The costumes received their own applause, as did Dana Lewis’ robust choreography.
James Wolk’s scenic design is straightforward, allowing the
music numbers to be the focus, and there is a lovely nighttime New York skyline
through an apartment picture window. Sean M. Savoie’s brightly colored lighting
design complements Wolk’s set beautifully.
Director Michael Hamilton emphasizes the vivacious side of Peter while not forgetting the sorrow. He crisply stages the Judy-Peter-Mark-Chris number “Only an Older Woman” with as much oomph as he does with the exuberant ensemble numbers “Sure Thing Baby” at the Copacabana and “When I Get My Name in Lights.” Stuart Elmore’s orchestrations work well, while music director Lisa Campbell Albert varies the tempo to suit each singer.
“Caught between the moon and New York City” will always
define Allen for me. It’s just one of those phrases that you’ll always remember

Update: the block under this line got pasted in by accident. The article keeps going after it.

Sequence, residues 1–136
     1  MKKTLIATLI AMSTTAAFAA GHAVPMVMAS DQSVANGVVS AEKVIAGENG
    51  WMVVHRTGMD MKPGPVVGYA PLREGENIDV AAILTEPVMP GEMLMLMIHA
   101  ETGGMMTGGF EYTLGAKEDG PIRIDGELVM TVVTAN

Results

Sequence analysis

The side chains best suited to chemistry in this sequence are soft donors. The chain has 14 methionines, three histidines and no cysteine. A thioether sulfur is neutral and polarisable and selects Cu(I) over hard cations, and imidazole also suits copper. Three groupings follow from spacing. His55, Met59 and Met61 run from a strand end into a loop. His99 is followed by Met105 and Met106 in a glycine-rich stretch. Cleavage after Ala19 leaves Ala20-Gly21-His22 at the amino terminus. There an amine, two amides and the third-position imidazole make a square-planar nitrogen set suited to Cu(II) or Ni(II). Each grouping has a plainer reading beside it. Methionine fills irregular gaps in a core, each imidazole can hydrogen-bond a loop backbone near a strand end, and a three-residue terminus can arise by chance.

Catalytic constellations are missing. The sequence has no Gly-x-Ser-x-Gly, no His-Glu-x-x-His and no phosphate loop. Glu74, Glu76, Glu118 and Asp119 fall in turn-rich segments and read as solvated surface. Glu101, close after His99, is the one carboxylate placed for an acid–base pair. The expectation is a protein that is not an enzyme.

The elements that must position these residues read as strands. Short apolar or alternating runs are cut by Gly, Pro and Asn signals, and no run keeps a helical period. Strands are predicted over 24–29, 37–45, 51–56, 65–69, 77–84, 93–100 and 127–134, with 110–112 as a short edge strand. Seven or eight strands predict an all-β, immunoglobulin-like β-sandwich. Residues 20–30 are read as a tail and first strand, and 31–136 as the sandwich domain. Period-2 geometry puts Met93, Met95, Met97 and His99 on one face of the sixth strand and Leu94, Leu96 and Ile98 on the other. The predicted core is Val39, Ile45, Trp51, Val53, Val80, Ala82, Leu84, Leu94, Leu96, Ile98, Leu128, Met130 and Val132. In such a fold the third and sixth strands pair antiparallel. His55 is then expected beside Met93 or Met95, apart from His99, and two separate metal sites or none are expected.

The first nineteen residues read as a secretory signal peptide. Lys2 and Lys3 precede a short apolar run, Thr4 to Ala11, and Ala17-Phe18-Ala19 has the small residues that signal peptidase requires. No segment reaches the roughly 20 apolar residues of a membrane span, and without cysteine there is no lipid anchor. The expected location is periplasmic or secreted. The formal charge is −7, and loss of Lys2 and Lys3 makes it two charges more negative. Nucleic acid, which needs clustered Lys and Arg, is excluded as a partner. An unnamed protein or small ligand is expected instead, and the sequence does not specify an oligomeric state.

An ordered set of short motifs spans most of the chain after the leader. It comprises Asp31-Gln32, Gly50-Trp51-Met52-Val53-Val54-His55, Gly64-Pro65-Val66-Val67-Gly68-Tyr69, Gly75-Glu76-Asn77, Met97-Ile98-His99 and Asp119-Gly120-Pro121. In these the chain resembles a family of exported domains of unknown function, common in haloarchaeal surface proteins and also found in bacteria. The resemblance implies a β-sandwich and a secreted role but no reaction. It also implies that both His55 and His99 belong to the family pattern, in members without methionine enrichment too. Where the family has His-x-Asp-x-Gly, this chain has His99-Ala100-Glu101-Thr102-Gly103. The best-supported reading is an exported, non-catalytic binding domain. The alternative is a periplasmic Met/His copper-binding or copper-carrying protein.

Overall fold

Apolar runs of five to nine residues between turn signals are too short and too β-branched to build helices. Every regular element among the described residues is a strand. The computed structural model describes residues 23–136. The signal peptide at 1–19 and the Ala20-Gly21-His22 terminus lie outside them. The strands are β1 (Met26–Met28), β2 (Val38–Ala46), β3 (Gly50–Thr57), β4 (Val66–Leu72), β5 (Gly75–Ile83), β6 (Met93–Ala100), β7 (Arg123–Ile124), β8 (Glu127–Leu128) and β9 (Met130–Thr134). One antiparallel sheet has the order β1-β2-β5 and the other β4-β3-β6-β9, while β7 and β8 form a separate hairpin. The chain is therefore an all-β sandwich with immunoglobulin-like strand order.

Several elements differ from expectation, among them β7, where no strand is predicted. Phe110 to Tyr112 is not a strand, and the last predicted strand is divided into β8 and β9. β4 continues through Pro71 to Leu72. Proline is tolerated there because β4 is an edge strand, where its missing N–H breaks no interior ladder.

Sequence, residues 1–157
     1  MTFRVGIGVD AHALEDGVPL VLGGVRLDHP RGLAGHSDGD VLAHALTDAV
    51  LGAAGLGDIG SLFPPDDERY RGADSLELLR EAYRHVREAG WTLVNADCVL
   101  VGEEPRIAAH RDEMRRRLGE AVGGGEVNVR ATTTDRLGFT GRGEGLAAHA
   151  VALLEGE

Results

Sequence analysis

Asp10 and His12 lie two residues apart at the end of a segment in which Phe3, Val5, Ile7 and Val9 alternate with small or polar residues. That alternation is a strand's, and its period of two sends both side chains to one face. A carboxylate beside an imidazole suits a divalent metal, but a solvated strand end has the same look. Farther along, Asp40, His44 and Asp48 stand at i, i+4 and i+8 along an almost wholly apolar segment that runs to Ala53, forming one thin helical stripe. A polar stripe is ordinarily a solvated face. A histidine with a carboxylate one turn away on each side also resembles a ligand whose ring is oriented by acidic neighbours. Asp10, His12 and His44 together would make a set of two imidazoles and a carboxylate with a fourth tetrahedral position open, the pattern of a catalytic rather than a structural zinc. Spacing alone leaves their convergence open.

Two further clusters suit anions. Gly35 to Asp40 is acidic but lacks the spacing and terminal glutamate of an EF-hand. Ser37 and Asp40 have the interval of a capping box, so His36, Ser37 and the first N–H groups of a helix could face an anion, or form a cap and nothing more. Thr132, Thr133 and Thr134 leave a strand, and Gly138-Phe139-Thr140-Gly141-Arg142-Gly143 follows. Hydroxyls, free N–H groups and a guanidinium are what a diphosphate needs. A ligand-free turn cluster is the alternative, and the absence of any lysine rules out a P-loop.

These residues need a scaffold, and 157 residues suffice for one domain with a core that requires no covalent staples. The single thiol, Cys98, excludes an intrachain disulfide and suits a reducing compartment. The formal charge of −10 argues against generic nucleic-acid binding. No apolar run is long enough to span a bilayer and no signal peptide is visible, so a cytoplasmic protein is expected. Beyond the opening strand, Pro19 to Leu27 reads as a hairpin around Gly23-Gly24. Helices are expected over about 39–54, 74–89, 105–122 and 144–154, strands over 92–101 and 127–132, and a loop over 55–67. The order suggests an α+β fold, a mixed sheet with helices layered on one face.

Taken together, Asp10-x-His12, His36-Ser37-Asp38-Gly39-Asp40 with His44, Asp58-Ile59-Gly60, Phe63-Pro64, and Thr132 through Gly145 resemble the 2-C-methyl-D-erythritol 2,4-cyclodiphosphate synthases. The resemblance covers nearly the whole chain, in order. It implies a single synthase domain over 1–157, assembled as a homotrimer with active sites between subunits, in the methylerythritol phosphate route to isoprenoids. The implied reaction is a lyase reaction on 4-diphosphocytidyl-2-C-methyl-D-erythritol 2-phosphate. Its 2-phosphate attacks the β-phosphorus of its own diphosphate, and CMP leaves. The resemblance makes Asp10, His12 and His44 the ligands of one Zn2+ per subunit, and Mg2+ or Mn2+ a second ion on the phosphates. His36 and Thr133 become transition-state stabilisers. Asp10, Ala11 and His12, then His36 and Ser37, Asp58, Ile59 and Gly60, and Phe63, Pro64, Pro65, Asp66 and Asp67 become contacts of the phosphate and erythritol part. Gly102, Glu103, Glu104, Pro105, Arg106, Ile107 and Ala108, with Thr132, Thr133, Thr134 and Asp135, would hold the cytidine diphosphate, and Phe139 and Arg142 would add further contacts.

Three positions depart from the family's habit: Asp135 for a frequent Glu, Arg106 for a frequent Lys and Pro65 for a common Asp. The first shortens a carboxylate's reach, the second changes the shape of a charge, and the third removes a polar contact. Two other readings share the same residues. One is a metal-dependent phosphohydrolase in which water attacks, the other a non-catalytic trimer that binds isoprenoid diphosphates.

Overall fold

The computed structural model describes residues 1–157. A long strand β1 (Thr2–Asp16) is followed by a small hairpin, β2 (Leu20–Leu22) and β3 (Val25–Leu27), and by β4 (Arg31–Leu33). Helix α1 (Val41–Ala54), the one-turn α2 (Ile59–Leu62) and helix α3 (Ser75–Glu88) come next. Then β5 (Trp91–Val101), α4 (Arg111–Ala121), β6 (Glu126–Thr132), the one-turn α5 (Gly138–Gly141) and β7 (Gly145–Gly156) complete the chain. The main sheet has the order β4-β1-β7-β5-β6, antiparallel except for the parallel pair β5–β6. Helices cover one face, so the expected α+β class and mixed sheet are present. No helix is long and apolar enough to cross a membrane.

with a smile, especially if you have fallen in love with the city like he did. And
he’s impossible to forget after seeing his story, “The Boy from Oz.”
David Elder and Ben Iken as old and young Peter AllenStages St. Louis presents “The Boy from Oz” May
31-June 30 at the Robert G. Reim Theatre in the Kirkwood Community Center, 111
S. Geyer Road, St. Louis, 63122. For more information or to purchase tickets,
visit www.StagesStLouis.org or
Lynn Venhaus has had a continuous byline in St. Louis metro region publications since 1978. She is a Rotten Tomatoes-approved film critic, currently reviews films for Webster-Kirkwood Times and KTRS Radio, covers entertainment for PopLifeSTL.com and co-hosts podcast PopLifeSTL.com…Presents, and writes features and news for Belleville News-Democrat and contributes to other publications. She is a member of CCA, AWFJ and St. Louis Film Critics Association. She is a founding member of the St. Louis Theater Circle.